Paris paradox: why it's so tough to align sovereign portfolios with net zero ambitions

Institutional investors are stuffed full of government debt. But this asset class may be the most problematic to 'green-ify'

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Investment strategies come in two flavours: active or passive. An investor can take a manual approach to managing their portfolio, trading frantically to ‘beat’ the market, or place all their capital in an index fund that promises a market return.

When it comes to fighting climate change, however, only an active approach will do. By committing to the Paris Agreement, nation states pledge to make a hands-on effort to limit global warming by transitioning their economies to a net zero carbon future.

For climate-conscious investors, then, creating Paris-aligned sovereign bond portfolios should be a cinch. Indeed, couldn’t a firm take a purely passive approach, by simply allocating to debt sold by a sovereign party to the agreement and taking the issuing government at its word that it will abide by its terms?

Of course it’s not that simple. In fact, achieving a Paris-friendly sovereign allocation may be near-impossible for most investors. And even if it could be done, there’s a question whether it should be done.

‘Dirty’ sovereign bonds: a tough habit to kick

The Institutional Investors Group on Climate Change (IIGCC) certainly thinks it’s possible — and desirable. Part of its new ‘Net Zero Investment Framework’, which commits supporters to decarbonise their portfolios, is focused on aligning sovereign holdings to the goals of the Paris Agreement. 

In practice, this means investing in the debt of governments that are on track to reduce their country’s emissions to net zero by 2050, and divesting from those that have veered off course.

This implies a far more active approach then simply buying up the bonds of countries that are party to Paris. An investor has to look beyond the paper commitment to the tangible actions being taken to hold to it.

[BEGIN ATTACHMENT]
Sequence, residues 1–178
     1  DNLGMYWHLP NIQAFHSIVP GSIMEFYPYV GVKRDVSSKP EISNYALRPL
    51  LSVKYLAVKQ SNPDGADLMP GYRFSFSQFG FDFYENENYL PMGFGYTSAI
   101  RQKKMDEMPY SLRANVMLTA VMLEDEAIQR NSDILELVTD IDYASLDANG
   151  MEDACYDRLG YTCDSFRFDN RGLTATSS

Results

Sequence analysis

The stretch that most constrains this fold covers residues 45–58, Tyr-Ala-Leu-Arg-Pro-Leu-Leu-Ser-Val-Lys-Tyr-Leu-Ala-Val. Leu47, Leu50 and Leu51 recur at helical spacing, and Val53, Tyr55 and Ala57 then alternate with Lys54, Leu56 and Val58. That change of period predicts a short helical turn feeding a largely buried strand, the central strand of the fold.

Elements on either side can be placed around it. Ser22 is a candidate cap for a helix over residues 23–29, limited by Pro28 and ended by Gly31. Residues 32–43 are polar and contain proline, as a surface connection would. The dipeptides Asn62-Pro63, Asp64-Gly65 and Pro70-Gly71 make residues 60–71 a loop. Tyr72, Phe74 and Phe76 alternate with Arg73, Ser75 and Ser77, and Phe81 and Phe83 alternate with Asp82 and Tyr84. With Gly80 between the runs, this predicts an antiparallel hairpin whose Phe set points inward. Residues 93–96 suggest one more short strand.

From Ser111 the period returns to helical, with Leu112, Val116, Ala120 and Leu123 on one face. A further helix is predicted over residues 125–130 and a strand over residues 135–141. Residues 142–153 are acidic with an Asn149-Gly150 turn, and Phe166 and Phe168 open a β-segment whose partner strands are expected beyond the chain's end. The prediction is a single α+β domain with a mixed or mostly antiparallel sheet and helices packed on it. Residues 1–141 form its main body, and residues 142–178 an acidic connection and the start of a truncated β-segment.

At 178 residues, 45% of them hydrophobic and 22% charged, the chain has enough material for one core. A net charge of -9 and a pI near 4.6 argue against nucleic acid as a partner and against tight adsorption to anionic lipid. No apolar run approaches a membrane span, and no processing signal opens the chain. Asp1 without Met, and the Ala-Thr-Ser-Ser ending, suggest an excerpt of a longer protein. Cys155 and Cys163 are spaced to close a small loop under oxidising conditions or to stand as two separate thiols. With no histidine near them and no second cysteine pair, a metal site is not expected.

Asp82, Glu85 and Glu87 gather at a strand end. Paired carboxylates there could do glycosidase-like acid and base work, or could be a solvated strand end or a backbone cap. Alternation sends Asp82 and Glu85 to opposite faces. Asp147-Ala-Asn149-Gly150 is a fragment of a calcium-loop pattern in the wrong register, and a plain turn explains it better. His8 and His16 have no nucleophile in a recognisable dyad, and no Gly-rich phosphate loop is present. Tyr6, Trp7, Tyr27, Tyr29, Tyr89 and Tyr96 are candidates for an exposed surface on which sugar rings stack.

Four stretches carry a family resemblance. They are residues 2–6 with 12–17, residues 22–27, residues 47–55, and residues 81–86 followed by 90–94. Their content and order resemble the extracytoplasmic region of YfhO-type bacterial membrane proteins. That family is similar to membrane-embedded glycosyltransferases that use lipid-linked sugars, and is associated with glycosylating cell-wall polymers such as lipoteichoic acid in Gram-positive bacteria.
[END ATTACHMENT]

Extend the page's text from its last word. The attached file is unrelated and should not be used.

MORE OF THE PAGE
To this end, adherents to the IIGCC framework are obliged to monitor a country’s past and future territorial emissions, carbon production per capita, and their progress fulfilling their own transition strategy. The group also recommends firms use the Climate Change Performance Index, a benchmark that ranks the efforts of countries to operationalise the Paris Agreement, as one methodology for assessing an asset’s alignment.

Screening sovereign debt using these tools, however, leaves investors with precious few investment options.

First of all, it turns out that only a handful of countries are truly on track to a net zero future. One recent study revealed that of 184 countries to have made carbon pledges, just 36 are sufficient to achieve the Paris Agreement's most ambitious goal of keeping global heating below 1.5°C. Four of the world’s five largest carbon emitters — the US, China, India and the Russian Federation — are falling short of this target.

That leaves institutional investors a limited pool of issuers to choose from, one that shrinks even further once credit rating and liquidity constraints are factored in. For example, while the European Union is on track to fulfill its Paris Agreement commitments, just five of the EU 27 are AAA-rated and eight are rated BBB or lower, meaning a fair chunk of Paris-aligned sovereign debt may fall afoul of investment mandates that limit exposures to assets of impeccable creditworthiness. Some of these top climate performers also have only small amounts of sovereign debt outstanding — meaning there wouldn’t be enough assets to go around if a bunch of investors all wanted to tilt their portfolios towards them at once.